Pat McVay's history in the arts goes back 30 years to Paris, where he began his career by repairing furniture and lively, zealous discussions at local cafes made for lots of broken furniture! Pat was given a small shop, a few tools and lots of paint used to hide mistakes. There was a blue period, a red period and a white period and soon, people began asking him to create new furniture. Then came work in porcelain tile, and after moving to the Olympic Peninsula, his attraction to the natural forms of the forest led him into wood carving. Currently, most of his work is large-scale carvings from already-downed trees, using everything from a chain saw to fine chisels. His whimsical and even comical sense is often the basis of unique carvings of people and animals. Many of his works are visible in public spaces up and down the West Coast. He was a founding member of the Northwest Stone Sculptors Association and the Cascade Wood Sculptors Guild. He shows his work at "Music for the Eyes," a gallery in Langley, Washington and at Island Art in Clinton just up the hill from the ferry on Whidbey Island and his home.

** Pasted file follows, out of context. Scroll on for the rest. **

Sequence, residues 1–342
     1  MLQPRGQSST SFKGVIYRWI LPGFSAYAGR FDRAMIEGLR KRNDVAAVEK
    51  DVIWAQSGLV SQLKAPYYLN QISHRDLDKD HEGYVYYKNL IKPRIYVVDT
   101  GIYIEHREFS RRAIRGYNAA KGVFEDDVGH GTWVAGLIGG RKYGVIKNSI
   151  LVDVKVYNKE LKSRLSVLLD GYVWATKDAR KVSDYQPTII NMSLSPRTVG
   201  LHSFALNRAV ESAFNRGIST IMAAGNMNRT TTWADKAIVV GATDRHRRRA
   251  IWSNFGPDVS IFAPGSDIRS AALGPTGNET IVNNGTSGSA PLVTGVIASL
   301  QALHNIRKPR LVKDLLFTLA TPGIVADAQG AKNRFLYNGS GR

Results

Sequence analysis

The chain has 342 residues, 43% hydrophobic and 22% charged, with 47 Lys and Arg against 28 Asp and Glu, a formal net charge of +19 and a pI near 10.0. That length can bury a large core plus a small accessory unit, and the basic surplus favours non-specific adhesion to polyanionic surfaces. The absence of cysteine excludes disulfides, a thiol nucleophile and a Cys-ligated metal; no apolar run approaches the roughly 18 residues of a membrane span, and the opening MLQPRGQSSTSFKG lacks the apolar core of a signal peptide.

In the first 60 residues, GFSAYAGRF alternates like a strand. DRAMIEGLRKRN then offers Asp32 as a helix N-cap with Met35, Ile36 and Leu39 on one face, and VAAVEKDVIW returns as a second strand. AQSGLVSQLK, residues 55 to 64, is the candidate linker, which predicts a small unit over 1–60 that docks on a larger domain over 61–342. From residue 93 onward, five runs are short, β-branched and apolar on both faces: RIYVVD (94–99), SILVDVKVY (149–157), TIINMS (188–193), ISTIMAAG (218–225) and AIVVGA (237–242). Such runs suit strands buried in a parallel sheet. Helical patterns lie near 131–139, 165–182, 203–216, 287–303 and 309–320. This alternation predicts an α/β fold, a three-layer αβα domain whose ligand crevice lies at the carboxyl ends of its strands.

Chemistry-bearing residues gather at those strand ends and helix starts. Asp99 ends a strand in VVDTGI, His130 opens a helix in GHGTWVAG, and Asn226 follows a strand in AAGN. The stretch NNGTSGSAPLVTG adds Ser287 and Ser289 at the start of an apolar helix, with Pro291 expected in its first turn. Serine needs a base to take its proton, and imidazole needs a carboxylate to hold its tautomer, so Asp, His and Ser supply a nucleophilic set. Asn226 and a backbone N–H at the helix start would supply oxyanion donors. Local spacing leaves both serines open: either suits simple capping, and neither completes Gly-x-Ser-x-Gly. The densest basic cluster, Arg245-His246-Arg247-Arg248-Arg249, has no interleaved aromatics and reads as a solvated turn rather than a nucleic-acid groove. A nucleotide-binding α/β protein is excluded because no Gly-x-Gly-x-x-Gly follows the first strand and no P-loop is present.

TRAINING AND EDUCATION
1971: Self taught. Working in various mediums - wood, stone, clay, cast metal, concrete snow, and ice. Recent work in welded steel.
1971-73: Travels around Europe's museums and galleries
1969-1971: Anthropology, English Literature at Spokane Falls C.C. and Western Washington State University, Bellingham.WORK
Pat McVay shares the stories behind some of Whidbey Island
and the Pacific Northwest’s most recognizable sculptures.
1983-present: Sculpting, full time. Specializing in large wood sculpture; other works in stone, clay, cast metals, concrete and ice.
1973-1983: Custom made hardwood furniture, carved signs, hand-painted porcelain dinner sets and tiles, some wood sculpting.
1973: Splitter in twisted woods of Olympic Rain Forest, Humptulips, WA.
1970: Logger, fisherman and cook, Annette Island, Alaska.